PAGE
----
The JCPS meeting room will have two new faces after the school board race ends in November. | Photo by Olivia Krauth

This story has been updated with comments from Shull and McKim.  

In a key endorsement in the school board race, the local teachers union PAC has endorsed James Craig and Corrie Shull.

Both Craig and Shull announced their endorsements from Better Schools Kentucky on social media Wednesday night. BSK is the political action committee of the Jefferson County Teachers Association, which represents over 6,000 local teachers.

Two of the four seats up for election this year, Districts 3 and 6, are four-way races. A 12-person endorsement committee, made of teachers across the county, interviewed all but one of the candidates in the contested races, JCTA President Brent McKim said.

McKim said Craig impressed the committee with his knowledge of public policy and issues impacting the district, along with his passion for kids. Shull is an “articulate spokesperson for public schools,” McKim said, adding that he impressed the committee with his public support of local control in recent months.

The union endorsement “carries a lot of weight,” McKim said. All endorsed candidates won their races in the past two election cycles. In 2016, both endorsed candidates — Ben Gies and Chris Brady — won their elections. In 2014, all endorsed candidates also won their elections.

The committee is thorough in its endorsement, McKim said, and the community recognizes that. The impact of teachers, especially after a tumultuous spring for public education and cries to remember in November, also helps.

Endorsed candidates typically receive indirect campaign support from the PAC, which has nearly $1.4 million in funds according to the most recent Kentucky Registry of Election Finance information. McKim said the committee has only decided who to endorse, not how they will help the campaigns, thus far.

Shull, a pastor running in District 6 for Lisa Willner’s seat, was first to publicly announce his endorsement.

Corrie Shull

“I am beyond excited and proud to have received the official endorsement of the @JCTAKY as the candidate for School Board District 6!!” Shull tweeted. “I look forward to continuing the good work of @lgwillner with the people of District 6! Thank you JCTA! #OurJCPS”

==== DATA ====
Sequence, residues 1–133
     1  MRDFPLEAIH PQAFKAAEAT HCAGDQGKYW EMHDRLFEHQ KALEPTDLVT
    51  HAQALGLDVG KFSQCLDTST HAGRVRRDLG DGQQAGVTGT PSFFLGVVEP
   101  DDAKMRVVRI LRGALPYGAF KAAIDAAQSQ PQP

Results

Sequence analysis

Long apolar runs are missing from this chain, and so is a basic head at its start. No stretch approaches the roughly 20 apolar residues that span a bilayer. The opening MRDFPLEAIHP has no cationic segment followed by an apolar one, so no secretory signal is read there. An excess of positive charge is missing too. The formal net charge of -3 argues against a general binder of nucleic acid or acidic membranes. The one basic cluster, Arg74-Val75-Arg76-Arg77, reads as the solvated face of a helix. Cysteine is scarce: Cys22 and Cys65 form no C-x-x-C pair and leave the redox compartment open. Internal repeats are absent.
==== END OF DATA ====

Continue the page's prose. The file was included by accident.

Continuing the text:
Shull said he plans on supporting teachers by advocating for them in board decisions and standing up for their bargaining rights.

“Utmost priority will be given to championing teacher-led, deep and rich approaches to learning across the district ensuring that we integrate the best approaches to helping our students master information,” Shull said.

Minutes after Shull’s announcement, Craig, an attorney, said he had been endorsed in the District 3 race to replace Steph Horne.

“Thank you so much to every teacher with @JCTAKY for your endorsement this evening!” Craig tweeted. “I am honored that Louisville teachers have my back. I’ll always have theirs.”

When asked how he would support teachers if elected, Craig said the answer was simple, “By listening to them.”

“No one knows how to reach a student better than a teacher, certainly not an elected politician,” Craig said. “When teachers say they need more resources in the classroom and better facilities, I’ll be listening.”

James Craig

The PAC was not the first endorsement either candidate received in the campaign. Shull said Willner, who is running for state representative, endorsed him in his campaign announcement. He quickly picked up a second endorsement from board member Chris Kolb, who is not up for re-election this year, on social media.

Former state auditor Adam Edelen, who led an audit of JCPS in 2014, endorsed Craig. Willner also endorsed him, as did former board member John Heyburn, Craig told Insider.

A total of 10 people are running for school board across the four available seats. The Chairwoman Diane Porter and member Linda Duncan are running unopposed for re-election.

Both Craig and Shull spoke favorably of the recently passed union contract in a candidate questionnaire from Insider, praising its inclusion of incentives for priority schoolteachers. Shull called it “a step in the right direction,” while Craig said it was “good for the community.”